Remember I posted how when they say “Everything is bigger in Texas” they mean the rain? And the hail?
Well, I’ve since found out they are also referring to the bugs. And the Texas-sized mosquitoes. The blood-sucking mosquitoes are huge, and persistent. One was trapped in my car yesterday. At first I thought it was a housefly, that’s how big it was. The size of a housefly.
Holy Flying Vampires, y’all! They actually chased me around the property at which I’m work-camping!
When I lived in California, I was rarely bitten by fleas or mosquitoes. Once when Chickenbone (my younger sister) and I were kids, we camped in a tent in my grandparent’s backyard. When we woke up the following morning, Chickenbone was covered with about 200 flea bites. I had three.
I’m just not tasty to California’s puny fleas. Same thing with those teeny California mosquitoes.
But I am VERY tasty to Gulf Coast mosquitoes. These suckers (pun not intended) are brutal and will spear you right through your clothes.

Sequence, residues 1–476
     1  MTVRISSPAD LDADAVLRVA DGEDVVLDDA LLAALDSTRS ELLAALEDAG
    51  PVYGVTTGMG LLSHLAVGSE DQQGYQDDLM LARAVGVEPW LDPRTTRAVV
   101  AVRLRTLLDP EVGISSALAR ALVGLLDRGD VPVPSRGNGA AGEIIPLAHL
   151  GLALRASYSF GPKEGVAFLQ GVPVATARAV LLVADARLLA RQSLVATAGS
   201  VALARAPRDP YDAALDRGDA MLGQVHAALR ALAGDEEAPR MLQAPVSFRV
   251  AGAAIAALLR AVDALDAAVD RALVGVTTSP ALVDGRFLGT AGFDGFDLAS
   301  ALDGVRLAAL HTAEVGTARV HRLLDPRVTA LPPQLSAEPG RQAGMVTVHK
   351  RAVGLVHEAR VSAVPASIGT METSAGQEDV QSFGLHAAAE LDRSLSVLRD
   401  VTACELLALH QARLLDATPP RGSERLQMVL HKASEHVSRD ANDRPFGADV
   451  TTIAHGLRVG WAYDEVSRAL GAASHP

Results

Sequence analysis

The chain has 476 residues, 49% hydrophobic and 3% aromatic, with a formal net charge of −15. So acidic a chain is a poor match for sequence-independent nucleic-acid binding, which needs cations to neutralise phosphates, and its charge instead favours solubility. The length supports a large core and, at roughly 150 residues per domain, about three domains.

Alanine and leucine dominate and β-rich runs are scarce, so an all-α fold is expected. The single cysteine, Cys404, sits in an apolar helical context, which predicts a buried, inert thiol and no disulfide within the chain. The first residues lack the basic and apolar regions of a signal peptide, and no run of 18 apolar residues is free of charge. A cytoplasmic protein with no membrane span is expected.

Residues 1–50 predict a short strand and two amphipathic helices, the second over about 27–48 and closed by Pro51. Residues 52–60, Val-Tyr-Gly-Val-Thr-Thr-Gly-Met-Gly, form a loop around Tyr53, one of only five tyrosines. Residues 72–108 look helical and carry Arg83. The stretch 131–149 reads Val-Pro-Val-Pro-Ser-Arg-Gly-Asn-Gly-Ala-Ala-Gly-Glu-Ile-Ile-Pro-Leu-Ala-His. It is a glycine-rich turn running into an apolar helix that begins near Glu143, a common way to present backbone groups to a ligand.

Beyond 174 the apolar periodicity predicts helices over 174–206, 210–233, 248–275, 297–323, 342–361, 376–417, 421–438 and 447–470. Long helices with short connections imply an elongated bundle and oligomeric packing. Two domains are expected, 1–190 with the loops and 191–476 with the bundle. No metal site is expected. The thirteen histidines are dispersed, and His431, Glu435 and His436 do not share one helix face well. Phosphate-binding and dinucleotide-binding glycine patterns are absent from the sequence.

Several years ago on a trip to Cancun, I was mercilessly attacked by mosquitoes. The fifty other folks in the group? Very few bites. I even got bit on my lips, which resulted in a mouth that looked like Angelina Jolie’s. Having lips like Angelina’s was actually the only good part.
Nothing has changed (except that my lips went back to normal) – today the mosquitoes literally chased me around the property I’m work-camping at. Unfortunately, they have yet to transform my lips to look like the super-sexy Angelina Jolie version.
I am now the proud owner of a lot of toxic DEET.
But they’re not the worst of the bugs I’ve encountered here… there are caterpillars which are toxic to the touch. And, like the mosquitoes, they’re prolific. Awesome.
These little fuzzy terrors drop down on web-like threads from the abundant oak trees above. (I’m camped under a little forest of oak trees and, therefore, a little breeding ground.)
The hairs on the back of the caterpillar are toxic to the touch and some people have a severe allergic reaction. I have managed so far to avoid getting stung, but they are everywhere: on the ground, on the walls of my rig, on my car. It may be just a matter of time.
Except for the tornadoes, non-stop lightning storms, and the proliferance of bugs, I still like Texas. As a Californian for the last 30 years, Texas seems like a different world. The many Texans I’m camped with eat mostly red meat, drink, smoke, and avoid vegetables like the plague. All grocery stores hand out tons of plastic bags – you can’t get paper. Recycling? What’s that? I have a vague memory it’s something Californians do. And I think might be only Californians.